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This year, Visit Wales are encouraging you to embrace adventure on your next Welsh getaway. As a country bursting with sweeping valleys, imposing mountains and fast-flowing rivers, there’s no better place to experience a bit of adventure. Feel the adrenaline pulse through your veins as you try your hand at extreme sports, water sports or bush craft activities amongst some of Britain’s most spectacular scenery. Below, you’ll find just some of the activities that you can get involved in to help celebrate Wales’ Year of Adventure.

Mountain Biking

When it comes to mountain biking, there aren’t many better places to go than Wales. With everything from wild natural trails escaping into the wilderness, to purpose built tracks designed for beginners and families, there’s something to cater to every level of mountain bike enthusiast. If you’re new to mountain biking, take a look at the fantastic centres available throughout Wales like Bike Park Wales or Afan Forest Park to get you on your feet before you start tackling the wilderness on your own!


Less acknowledged than fellow surfing spot Cornwall, many people don’t realise that Wales is actually home to some of the UK’s best surfing beaches. Glamorgan, Gower and Pembrokeshire are all brilliant places to hit the waves and there are plenty of well-respected surf schools in the area to lend a helping hand if you’re new to the sport. Further north, areas such as Anglesey and the Llyn Peninsula also offer some great surfing spots. If you’re not sure about braving the outdoors, you can always try Surf Snowdonia, the world’s first inland surf lagoon. Re-opening in the spring, this surf centre offers impressive two-metre waves that peel for 150 metres.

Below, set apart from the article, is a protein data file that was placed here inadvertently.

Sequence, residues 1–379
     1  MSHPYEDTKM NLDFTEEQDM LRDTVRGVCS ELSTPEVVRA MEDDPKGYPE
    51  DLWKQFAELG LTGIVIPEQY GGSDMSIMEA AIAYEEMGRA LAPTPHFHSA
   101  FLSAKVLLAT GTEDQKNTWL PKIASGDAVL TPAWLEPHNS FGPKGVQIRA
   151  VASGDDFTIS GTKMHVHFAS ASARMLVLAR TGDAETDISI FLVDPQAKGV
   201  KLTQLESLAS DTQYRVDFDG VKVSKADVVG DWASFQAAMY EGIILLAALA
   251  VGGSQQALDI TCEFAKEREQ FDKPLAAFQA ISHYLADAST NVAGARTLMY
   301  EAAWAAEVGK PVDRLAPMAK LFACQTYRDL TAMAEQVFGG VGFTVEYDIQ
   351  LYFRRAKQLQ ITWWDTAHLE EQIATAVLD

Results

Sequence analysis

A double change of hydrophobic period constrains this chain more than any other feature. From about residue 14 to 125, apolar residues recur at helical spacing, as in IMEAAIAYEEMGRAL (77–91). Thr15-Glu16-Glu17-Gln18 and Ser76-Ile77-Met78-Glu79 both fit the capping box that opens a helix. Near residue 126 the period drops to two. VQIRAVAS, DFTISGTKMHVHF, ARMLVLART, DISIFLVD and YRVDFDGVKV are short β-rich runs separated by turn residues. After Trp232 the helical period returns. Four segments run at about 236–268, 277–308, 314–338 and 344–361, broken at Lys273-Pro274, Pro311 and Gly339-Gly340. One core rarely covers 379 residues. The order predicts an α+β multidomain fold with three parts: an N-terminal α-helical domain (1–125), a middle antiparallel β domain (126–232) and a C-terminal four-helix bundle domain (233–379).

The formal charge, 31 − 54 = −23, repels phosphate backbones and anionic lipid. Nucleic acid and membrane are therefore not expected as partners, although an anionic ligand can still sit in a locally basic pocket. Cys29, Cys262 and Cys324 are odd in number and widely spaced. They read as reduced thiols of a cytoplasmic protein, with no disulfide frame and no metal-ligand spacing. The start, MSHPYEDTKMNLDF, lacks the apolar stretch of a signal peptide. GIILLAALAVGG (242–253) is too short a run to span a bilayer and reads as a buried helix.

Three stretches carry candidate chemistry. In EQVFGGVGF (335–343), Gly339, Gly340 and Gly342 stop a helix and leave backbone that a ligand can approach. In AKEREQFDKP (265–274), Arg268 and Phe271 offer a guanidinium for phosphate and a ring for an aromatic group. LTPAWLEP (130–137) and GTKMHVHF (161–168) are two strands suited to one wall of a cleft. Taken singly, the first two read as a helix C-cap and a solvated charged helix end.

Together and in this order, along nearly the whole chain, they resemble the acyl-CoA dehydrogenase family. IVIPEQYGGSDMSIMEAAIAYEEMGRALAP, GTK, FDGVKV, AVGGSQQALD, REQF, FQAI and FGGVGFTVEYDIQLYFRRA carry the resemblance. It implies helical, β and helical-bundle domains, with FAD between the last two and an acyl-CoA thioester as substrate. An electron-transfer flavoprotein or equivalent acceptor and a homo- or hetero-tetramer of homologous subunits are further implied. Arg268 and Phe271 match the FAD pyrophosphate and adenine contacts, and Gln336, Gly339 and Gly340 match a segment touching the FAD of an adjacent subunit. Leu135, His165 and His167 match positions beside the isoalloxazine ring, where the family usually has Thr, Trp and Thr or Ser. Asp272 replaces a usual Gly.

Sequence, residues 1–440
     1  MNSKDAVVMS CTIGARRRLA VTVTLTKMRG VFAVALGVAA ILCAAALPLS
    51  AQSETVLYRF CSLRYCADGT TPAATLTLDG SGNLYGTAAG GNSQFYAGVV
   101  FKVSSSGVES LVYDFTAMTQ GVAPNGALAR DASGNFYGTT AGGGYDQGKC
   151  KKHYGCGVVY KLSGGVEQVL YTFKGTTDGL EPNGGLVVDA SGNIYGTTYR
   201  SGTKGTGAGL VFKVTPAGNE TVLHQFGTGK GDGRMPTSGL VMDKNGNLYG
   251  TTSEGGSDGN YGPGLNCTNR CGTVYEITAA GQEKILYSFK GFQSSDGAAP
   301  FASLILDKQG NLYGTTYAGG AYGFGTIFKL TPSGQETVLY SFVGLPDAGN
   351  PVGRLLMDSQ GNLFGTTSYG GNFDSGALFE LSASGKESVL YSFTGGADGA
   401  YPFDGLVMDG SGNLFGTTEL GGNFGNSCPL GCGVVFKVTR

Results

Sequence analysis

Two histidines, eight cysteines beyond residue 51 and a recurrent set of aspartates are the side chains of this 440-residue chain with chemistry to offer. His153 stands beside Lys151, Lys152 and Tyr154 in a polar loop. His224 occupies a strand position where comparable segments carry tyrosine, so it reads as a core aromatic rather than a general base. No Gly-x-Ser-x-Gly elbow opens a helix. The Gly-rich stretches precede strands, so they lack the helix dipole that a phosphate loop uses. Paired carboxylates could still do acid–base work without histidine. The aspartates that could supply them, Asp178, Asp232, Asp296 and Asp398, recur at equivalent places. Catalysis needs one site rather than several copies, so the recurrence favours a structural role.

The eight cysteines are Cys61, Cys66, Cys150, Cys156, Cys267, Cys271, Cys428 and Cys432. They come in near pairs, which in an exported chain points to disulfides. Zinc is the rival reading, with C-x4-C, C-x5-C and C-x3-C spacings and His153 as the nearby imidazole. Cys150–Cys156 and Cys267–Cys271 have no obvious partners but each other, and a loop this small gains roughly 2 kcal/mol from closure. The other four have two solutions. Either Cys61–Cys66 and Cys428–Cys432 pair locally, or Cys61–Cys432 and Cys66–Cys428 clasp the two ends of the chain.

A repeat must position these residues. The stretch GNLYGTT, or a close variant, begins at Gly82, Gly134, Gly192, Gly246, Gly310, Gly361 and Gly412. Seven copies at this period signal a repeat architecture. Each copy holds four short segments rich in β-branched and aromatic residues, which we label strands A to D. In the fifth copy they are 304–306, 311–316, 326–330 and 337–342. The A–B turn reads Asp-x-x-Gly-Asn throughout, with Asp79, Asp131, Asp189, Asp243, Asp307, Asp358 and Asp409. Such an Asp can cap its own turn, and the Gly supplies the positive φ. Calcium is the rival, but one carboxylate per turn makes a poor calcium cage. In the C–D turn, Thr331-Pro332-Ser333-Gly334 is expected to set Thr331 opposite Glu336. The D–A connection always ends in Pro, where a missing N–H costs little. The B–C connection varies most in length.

Survival Courses

For the ultimate adventure in Wales this year, why not try your hand at one of Bear Grylls’ Survival Courses? One of the most recognisable faces in the world of outdoor adventure and survival, Bear launched his own Survival Academy in 2012 and there are now centres across the UK. Take part in a 24 hour family survival course in the Brecon Beacons or an adult day course in Criccieth, where you’ll learn how to light fires, rope skills, how to build emergency shelters and how to forage for grub and rodents.

White Water Rafting

Explore Wales from an exciting new perspective and have a go at white water rafting this year. There are places all across the country where you can get involved in white water rafting amongst beautiful scenery. In North Wales, try White Water Active in Llangollen or for Mid Wales, try Black Mountain Rafting on the River Wye. For a completely new experience in South Wales, visit Cardiff International White Water where you can enjoy the thrills of white water rafting in a purpose-built water centre.

If you’re tempted to book an adventurous break in Wales then don’t forget to take a look at our large collection of cottages in Wales. We’ve over 1,400 holiday cottages across Wales for you to choose from that would make the perfect bases for all of your adventures!

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Louise O'Toole

By Louise O'Toole

Louise loves reading, shopping, baking and cosy country pubs with log fires. A nice cup of tea will never be turned down. She has spent many childhood summers on the beach in Cornwall and walking the hills of the Lake District.

Discover… William Wordsworth

February 5th, 2016
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One of Britain’s best-loved poets, William Wordsworth’s works have stood the test of time, inspiring generations of people with their highly romantic take on England, nature, and the relationship between the two. Wordsworth and the British Isles were inextricably linked – a relationship that can be explored further at Sykes’ Isle of Inspiration.